Experts speaking at a Association for International Affairs (AMO) public debate said that the Visegrad 4 group has not failed as a concept, despite the fact that its members have offered diverse reactions to the crisis in Ukraine.
Three experts representing two independent think tanks and one governmental analytical office spoke at the September 9 AMO conference in Prague. The event was organized as a part of the project ‘Central European Perspectives: Integration Achievements & Challenges of the V4 States after 10 Years in the EU,’ which is co-funded by the International Visegrad Fund.
The event opened with remarks from Vít Dostál, director of the AMO Research Center, who said that that there has been quite an interesting exchange of opinions after a rather provocative article by Edward Lucas about the alleged lack of purpose of the Visegrád Group.
Daniel Hegedüs from the German Council on Foreign Relations agreed with Dostál and added that some of the comments on the V4 were too pessimistic. The V4 does not need to ‘be buried’ just because there are different views on the crisis in Ukraine, there is a lot of space for practical cooperation within the V4 on other issues, he said. It also needs to be taken into the account that the V4 was never formed to tackle issues such as the crisis in Ukraine. Regarding the ‘illiberalism speech’ of Hungarian Prime Minister Viktor Orbán, Hegedüs said that this is a part of a ‘symbolic conflict’ Orban seeks to have with important EU institutions, as it improves his negotiating position towards the EU. It also serves his domestic political interests.
Dominik P. Jankowski from the Polish National Security Bureau began his remarks with a statement that Poland still regards the V4 as a highly ‘comfortable’ mode of cooperation and noted that while we cannot expect too much from the V4 format (same as from the Weimar triangle) when it comes to facing Russia, none of the V4 countries have opposed the newest NATO measures taken at the latest summit, which is a good sign. He has also noted that the V4 diplomats basically agree on the analysis of what is happening in Russia and Ukraine, but that the disagreements exist over what the appropriate response to the developments should be. He has also identified anti-liberalism, economic interests, fear of conflict and anti-Americanism as Russia’s greatest allies in the West. While acknowledging that the V4 Battlegroup is a remarkable project, Jankowski said that the security situation has changed drastically and that EU battlegroups, which were formed mainly for peacekeeping and stabilization missions in Africa, are no longer sufficient and that other modes of EU defense cooperation need to be developed.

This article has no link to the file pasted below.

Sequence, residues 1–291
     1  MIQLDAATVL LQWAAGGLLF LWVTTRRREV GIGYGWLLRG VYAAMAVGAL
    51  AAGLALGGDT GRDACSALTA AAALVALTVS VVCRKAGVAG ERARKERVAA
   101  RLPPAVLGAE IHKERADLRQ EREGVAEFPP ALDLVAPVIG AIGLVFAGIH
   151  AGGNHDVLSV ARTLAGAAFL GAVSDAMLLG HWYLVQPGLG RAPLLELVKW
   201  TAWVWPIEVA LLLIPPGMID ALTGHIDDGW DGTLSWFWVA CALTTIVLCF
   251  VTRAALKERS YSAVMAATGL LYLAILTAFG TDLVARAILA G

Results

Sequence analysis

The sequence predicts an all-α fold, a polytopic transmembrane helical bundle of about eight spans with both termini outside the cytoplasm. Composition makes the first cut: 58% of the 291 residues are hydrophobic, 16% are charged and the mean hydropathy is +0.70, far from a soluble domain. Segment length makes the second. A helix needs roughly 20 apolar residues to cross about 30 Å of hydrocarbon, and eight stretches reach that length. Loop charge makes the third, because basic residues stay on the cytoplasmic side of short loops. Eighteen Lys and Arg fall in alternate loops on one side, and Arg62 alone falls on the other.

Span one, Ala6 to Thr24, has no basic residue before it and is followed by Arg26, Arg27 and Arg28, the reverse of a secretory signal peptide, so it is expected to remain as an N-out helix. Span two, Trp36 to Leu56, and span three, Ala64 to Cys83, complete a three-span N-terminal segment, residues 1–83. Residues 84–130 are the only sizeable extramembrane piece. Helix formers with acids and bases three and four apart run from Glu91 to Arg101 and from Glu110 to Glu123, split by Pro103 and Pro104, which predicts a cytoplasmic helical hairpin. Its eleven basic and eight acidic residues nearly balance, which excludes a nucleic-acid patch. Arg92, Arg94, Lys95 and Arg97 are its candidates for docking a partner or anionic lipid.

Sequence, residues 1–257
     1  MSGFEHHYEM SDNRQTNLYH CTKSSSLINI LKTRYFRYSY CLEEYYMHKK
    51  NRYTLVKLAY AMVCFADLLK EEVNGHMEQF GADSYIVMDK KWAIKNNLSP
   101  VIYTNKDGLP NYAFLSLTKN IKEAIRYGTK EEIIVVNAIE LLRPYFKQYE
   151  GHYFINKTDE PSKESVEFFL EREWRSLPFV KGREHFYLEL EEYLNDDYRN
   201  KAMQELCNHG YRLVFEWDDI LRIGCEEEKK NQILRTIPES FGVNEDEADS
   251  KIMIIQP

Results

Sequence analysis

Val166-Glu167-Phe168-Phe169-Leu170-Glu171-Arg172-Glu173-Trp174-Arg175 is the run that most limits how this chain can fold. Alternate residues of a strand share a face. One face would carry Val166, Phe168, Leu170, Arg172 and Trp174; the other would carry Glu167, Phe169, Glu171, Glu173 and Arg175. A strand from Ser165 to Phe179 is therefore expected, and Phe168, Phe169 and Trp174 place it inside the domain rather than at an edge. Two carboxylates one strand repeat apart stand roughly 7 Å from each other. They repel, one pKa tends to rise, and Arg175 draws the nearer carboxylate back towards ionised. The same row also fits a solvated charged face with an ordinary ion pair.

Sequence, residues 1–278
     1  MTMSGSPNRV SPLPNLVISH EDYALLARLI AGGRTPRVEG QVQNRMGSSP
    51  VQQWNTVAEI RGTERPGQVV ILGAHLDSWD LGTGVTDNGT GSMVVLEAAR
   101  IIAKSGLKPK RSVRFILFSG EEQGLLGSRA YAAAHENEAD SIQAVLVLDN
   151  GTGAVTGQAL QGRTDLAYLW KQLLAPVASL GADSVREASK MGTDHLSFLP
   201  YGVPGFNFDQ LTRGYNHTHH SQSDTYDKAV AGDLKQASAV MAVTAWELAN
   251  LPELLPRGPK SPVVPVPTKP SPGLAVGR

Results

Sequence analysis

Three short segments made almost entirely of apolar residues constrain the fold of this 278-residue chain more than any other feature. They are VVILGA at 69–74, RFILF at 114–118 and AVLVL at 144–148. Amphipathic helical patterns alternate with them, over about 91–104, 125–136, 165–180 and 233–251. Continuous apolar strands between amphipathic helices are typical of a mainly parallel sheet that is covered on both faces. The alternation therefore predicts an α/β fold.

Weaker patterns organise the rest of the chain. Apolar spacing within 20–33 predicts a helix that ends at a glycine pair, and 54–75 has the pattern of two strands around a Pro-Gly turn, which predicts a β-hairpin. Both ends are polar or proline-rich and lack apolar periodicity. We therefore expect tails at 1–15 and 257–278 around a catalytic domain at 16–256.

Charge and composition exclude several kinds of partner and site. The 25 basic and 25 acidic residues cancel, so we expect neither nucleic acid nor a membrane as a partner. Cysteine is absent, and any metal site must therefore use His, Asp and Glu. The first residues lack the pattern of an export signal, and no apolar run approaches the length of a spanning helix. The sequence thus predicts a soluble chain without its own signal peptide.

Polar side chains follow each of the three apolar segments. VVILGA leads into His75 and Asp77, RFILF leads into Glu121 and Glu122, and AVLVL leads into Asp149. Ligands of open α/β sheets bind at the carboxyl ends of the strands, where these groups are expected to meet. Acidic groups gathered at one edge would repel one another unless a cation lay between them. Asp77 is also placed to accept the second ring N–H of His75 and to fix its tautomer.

Milan Nič (Central European Policy Institute) noted that the entire West was caught off-guard by Russia and that the view that the V4 has failed is distinctly Western, while Central European observers claim otherwise. He has also identified the V4 as partly responsible for the successful candidacy of the former Polish PM Tusk for the seat of the President of the European Council. Milan Nič believes that the brand of the V4 is quite good and the regional cooperation will intensify, e.g. because of the need to develop transport infrastructure. As the most immediate issue that the V4 will have to face, Nič has identified the possibility of an energy crisis due to the situation in the Ukraine and Russia. Milan Nič has also expressed belief that Austria and Slovenia will be interested in working with this multi-lateral platform. Regarding Slovak PM Fico’s pro-Russian statements, he believes these are caused by Fico’s political weakness and the fact that he has in fact lost three elections in a row and is seeking to attract voters by controversial and dissenting opinions. At the end of the day, Milan Nič believes, Slovakia will back EU measures against Russia.